Texas Kroger employee accused of stealing $275,000 from self-checkout registers
A Kroger store employee has been arrested and charged with theft after stealing $275,000 from registers, the Harris County Sheriff’s Office said. According to deputies, Dana Williams, 29, was in charge handling the cash dispersal for the self-service checkout registers at the Kroger located at 9703 Barker Cypress Road.
Kroger’s loss prevention department said it started to notice the false deposits and transfers after Williams called out sick for a couple of days. Officials said when she came back to work, they watched her on surveillance camera and saw her pocketing money and using various fraud mechanisms to conceal her thefts. According to investigators, Williams had been working for Kroger since 2014, but they do not believe she started pocketing the money until March 2016. Williams is being held in jail on a $500,000 bond, and she is set to appear in court on May 31. [For more: NBC4i News]
Felon ‘layaway’ thefts land 2 in Washington jail
Pasco, Washington, police are calling it “felony theft on a layaway plan” after arresting two people for multiple shoplifting trips to Walmart. Store loss prevention staff called police at 7:07 p.m. on Wednesday to report shoplifters leaving the store in a red van. The van was stopped nearby and three people detained by police.
Pasco Walmart LP told officers they documented the three people stealing seven times since April 14. Sometimes it was one person, other times it was different combinations of two of them. They were accused of stealing more than $1,200 worth of merchandise and returning the items for cash refunds. Javier “JJ” Chavez Junior III, 20, of Pasco, and Dayana Bustos Ruelas, 19, were booked into the Franklin County jail on 72-hour investigative holds for second-degree organized retail theft. The third suspect was not arrested.
The crime of organized retail theft is when a suspect has stolen several times from the same store within 180 days. If the value of the stolen items totals more than $750, the crime becomes a felony. “That’s why we referred to it as ‘a felony on the layaway plan,’” said police. [For more: Tri-City Herald]
Atlanta police officer turns shoplifting call into uplifting experience for a needy family
An Atlanta Police officer went above and beyond the call of duty when he stepped up to help the family of a girl who was caught shoplifting. According to the Police Department, on Feb. 18 officer Che Milton was called to a Family Dollar store. The store employees had caught a 12-year-old girl shoplifting a pair of $2 shoes. She said she needed them for her five-ear-old sister and couldn’t afford to pay for them. Instead of hauling the child to jail, the officer took her home
“After speaking with the young lady Officer Milton was curious to see what the girls living conditions were like so he took her home,” the Police Department says. “The girl was the oldest of four children; their ages ranging from newborn to 12 and their living conditions were poor. There were not enough beds for all of the children, the only furniture in the house was an old sofa and there was not much food in the home.” The mother told the officer she couldn’t work because she couldn’t afford daycare for the smaller children. She said her husband works in and out of town but didn’t make enough to provide for the family.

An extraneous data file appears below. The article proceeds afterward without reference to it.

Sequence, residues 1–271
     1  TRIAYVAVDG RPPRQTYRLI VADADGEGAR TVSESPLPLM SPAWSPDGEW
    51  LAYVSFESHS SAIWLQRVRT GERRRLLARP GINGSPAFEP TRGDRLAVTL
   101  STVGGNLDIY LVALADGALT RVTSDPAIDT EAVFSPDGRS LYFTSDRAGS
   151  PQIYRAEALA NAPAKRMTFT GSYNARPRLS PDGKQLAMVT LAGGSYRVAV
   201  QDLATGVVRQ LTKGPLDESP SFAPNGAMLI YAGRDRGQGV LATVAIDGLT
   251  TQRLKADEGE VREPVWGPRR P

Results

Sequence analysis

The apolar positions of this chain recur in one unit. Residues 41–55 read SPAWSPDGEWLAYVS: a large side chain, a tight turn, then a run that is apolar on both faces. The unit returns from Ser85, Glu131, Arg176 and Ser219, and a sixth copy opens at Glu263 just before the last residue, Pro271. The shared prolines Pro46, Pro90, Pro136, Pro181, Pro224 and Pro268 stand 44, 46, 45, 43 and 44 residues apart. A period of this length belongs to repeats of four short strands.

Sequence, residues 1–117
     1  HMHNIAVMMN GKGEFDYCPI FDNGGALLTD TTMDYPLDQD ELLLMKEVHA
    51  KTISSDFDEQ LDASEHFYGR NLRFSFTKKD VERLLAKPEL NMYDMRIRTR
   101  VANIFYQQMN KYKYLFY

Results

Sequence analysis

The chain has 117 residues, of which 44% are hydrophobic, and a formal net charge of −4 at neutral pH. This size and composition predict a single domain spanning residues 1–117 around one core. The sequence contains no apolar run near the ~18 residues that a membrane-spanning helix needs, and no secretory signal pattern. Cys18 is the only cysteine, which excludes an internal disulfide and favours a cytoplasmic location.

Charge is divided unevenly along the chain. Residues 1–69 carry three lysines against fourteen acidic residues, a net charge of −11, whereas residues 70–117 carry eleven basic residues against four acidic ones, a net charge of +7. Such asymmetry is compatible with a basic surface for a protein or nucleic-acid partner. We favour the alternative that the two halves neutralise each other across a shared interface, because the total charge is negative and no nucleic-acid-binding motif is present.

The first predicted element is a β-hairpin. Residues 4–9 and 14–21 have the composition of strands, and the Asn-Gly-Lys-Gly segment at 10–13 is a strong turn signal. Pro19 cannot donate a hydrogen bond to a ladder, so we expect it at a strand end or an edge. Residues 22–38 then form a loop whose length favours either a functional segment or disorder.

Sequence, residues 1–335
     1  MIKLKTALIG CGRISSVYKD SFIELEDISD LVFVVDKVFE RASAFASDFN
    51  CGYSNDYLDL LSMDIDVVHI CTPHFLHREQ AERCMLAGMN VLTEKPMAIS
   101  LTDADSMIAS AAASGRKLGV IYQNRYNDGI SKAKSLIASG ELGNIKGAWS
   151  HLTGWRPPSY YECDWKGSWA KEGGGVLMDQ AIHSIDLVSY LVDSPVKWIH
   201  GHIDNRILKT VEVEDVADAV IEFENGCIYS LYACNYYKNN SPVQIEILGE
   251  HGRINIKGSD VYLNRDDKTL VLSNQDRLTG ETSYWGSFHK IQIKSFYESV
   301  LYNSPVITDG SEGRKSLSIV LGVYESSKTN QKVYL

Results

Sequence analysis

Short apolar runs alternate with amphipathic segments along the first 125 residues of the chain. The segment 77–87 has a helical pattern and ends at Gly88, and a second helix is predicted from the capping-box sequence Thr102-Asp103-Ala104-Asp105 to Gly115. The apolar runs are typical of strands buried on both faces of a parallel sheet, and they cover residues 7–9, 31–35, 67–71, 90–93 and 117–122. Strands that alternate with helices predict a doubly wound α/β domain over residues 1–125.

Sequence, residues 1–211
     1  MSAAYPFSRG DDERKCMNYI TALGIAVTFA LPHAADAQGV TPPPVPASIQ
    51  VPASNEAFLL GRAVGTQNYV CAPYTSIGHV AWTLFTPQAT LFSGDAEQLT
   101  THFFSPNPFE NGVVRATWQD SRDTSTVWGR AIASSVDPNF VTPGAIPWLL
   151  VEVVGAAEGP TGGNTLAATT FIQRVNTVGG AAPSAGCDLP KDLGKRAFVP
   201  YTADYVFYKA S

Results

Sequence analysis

“Officer Milton was sympathetic to the family’s situation and felt that he needed to do something,” the Police Department said. “He advised [the Division of Family and Children Services] of the situation to find out if a social worker could assist the family with their living situation.” The officer bought the family four pizzas and two large beverages. He paid for it out of his own pocket and personally delivered it to the family. The family was thankful, but officer Milton didn’t brag about his good deed. “Officer Milton did not help this family in hopes of receiving any recognition,” the Police Department said. “In fact, another officer came forward to commend Officer Milton. The way that Officer Milton handled this incident showed that not only is he here to enforce the law but also to go the extra mile and be a bigger part of the community he is policing.”
The Police Department is collecting donations for the family. They can be delivered to 2315 Donald Lee Hollowell Pkwy NW, Atlanta, GA 30318. Donations will be accepted from 8 a.m. – 6 p.m., Monday through Friday, the Police Department says. [For more: Atlanta Loop]
Convicted shoplifter charged with scamming Victoria’s Secret
A man accused of robbing a Niles jewelry store of $300,000 worth of merchandise was indicted Tuesday by a Trumbull County grand jury on felony charges connected to the case. Zachary E. Bradford, 35, of Perkinswood Boulevard SE, faces three counts of aggravated robbery and three counts of kidnapping, all with firearm specifications.
A woman with an extensive history of shoplifting convictions is charged with trying to rip off Victoria’s Secret in an online ordering scam that cost the company thousands of dollars. Federal prosecutors in Pittsburgh have charged Charlene Moff, 59, with two counts of mail fraud. Prosecutors said she would order products, then call the company falsely claiming that the merchandise was lost or stolen from the mail or that the orders were missing items when she did receive them. Victoria’s Secret either credited Moff’s account or shipped replacement items, neither of which Moff was entitled to receive, prosecutors said. The scam cost the Columbus, Ohio-based retailer of women’s undergarments thousands of dollars, though federal prosecutors didn’t offer details in the court filing and wouldn’t otherwise comment on it Wednesday.
The New Derry woman has four felony retail theft convictions in Westmoreland County, where she lives, one each in 2009, 2010, 2014 and 2015, according to online court dockets. Moff never received more than probation. Jackie Kneupp, of the Westmoreland County district attorney’s office, said felony charges are filed after two misdemeanor retail theft convictions, and the most recent cases involved thefts from Wal-Mart of two DVDs and then clothing, food and toys totaling $86.